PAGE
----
Wednesday, November 30, 2011

December 1

It's December at last!

A very warm welcome to you all on this snowy day, as we begin our annual Musical Advent Calendar here at "I Can Fly, Just Not Up". Every day until Christmas, I will feature a new carol for your listening enjoyment. Be sure to check in regularly, as each musical selection will only be posted for twenty-four hours. Every piece of music has been carefully chosen to reflect what I believe are the most beautiful arrangements available this Christmas season, and I hope that you will enjoy each one.

There is nothing I love more than sitting quietly and listening to music, especially at Christmastime. During this often frantically busy season, it is good for the soul to take a few moments for oneself, to remember what all of the hoopla and celebrations are really about: the birth of Jesus Christ.

Relax, rest and enjoy, my friends. And, a very happy Christmas to you all.

The Wexford Carol
"Carul Loch Garman", "Carúl Inis Córthaidh"

Performed by: The Cambridge Singers

Good people all, this Christmas time,
Consider well and bear in mind
What our good God for us has done,
In sending his beloved son.
With Mary holy we should pray,
To God with love this Christmas Day;
In Bethlehem upon that morn
There was a blessed Messiah born.

The night before that happy tide,
The noble Virgin and her guide
Were long time seeking up and down
To find a lodging in the town.
But mark how all things came to pass:
From every door repelled, alas!
As long foretold, their refuge all
Was but a humble ox's stall.

Near Bethlehem did shepherds keep
Their flocks of lambs and feeding sheep;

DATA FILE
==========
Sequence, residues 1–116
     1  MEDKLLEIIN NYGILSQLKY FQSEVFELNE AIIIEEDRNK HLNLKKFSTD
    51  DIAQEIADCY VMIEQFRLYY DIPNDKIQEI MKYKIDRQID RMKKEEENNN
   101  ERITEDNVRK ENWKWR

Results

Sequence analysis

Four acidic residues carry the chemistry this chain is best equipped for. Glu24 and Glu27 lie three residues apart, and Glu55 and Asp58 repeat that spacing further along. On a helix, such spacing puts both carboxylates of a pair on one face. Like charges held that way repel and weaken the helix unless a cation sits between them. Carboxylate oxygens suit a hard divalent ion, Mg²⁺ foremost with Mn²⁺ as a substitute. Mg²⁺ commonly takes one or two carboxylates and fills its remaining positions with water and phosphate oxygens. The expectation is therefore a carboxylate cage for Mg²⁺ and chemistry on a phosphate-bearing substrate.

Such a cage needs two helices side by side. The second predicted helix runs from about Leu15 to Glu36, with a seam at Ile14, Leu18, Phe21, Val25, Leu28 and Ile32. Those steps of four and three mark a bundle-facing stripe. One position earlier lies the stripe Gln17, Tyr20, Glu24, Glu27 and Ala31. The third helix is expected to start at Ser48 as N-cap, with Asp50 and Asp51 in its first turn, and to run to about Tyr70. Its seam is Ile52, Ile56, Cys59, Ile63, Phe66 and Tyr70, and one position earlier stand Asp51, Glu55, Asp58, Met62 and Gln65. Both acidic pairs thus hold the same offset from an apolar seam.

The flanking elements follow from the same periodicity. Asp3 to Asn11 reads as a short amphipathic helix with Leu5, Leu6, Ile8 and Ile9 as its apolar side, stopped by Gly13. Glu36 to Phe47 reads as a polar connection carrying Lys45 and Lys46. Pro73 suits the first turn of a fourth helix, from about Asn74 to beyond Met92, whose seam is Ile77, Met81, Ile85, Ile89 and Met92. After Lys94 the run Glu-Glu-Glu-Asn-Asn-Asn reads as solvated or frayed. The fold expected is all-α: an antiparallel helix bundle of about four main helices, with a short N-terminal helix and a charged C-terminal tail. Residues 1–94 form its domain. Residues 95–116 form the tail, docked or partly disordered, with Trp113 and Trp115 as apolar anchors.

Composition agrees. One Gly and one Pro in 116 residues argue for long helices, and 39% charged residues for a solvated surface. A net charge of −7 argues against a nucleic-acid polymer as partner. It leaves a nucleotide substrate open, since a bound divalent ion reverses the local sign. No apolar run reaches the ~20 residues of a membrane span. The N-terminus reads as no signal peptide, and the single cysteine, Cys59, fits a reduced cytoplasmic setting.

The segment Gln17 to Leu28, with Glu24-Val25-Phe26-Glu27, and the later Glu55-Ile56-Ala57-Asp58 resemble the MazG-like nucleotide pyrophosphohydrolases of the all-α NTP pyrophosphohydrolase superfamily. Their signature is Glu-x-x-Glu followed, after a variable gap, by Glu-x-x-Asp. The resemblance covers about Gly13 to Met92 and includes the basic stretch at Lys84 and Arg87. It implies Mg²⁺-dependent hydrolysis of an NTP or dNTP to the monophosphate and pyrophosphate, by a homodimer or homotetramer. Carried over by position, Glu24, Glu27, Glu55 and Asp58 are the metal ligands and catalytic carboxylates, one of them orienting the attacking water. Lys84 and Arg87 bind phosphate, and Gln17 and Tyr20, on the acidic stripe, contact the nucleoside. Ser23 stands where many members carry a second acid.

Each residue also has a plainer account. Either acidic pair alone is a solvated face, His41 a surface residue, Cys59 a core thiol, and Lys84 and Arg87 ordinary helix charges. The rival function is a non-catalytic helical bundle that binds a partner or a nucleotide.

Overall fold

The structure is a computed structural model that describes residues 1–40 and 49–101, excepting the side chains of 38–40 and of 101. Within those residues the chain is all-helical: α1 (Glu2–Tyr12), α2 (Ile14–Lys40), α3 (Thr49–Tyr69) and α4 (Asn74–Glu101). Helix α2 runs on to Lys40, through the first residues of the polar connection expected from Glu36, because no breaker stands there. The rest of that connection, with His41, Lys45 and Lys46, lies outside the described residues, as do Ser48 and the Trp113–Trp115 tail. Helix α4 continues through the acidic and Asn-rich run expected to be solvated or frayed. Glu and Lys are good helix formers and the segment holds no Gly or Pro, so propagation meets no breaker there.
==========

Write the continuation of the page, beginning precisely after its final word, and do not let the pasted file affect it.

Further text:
To whom God's angel did appear,
Which put the shepherds in great fear.
"Prepare and go," the angels said,
"To Bethlehem, be not afraid;
For there you'll find, this happy morn,
A princely babe, sweet Jesus, born."

With thankful heart and joyful mind,
The shepherds went the babe to find,
And as God's angel had foretold,
They did our Saviour Christ behold.
Within a manger he was laid,
And by his side a virgin maid,
Attending on the Lord of life,
Who came on earth to end all strife.

There were three wise men from afar
Directed by a glorious star,
And on they wandered night and day
Until they came where Jesus lay.
And when they came unto that place
Where our beloved Messiah was,
They humbly cast them at his feet,
With gifts of gold and incense sweet.

This beautiful Irish carol originates from Enniscorthy, County Wexford, and is one of the most ancient in the European tradition. The tune is somewhat unusual, as it seems far too "jolly" and lilting to reflect Medieval music, and yet neither does it exactly fit the Irish folk music of the time. Presumably, this carol was originally written not only to tell the tale of Christ's birth, but also to express the joy of Christmastime... such is the beauty of the carol tradition: a departure from the solemnity of religious rites, and an expression of human celebration. The words may well have changed through the years of oral tradition, and then through translation into different languages, but the lovely sentiment remains.

Dating from the twelfth century, "The Wexford Carol" is one of the best known of the Kilmore Carols Cycle. In total, there are thirteen carols in the cycle, eight of which are sung during the Christmas period. The first is sung at Mass on Christmas Day, and the last on the Sunday that is nearest to the Twelfth Day. The annual singing of this ancient carol cycle has occurred at the tiny village church in Kilmore for over two hundred years. They were first introduced to the parish by the Very Rev. Peter Devereux, who was Parish Priest circa 1751. The beautiful carols are handwritten in a leather-bound book- the work of Mr. Richard O'Neill, a famous old schoolmaster.

It has long been a tradition at this church that these carols be sung by men only. The singers consist of six local gentleman, and the group has always included a member of the Devereux family, a tradition that is being continued to the present day. The singers divide into two groups of three, and each group sings alternate stanzas.

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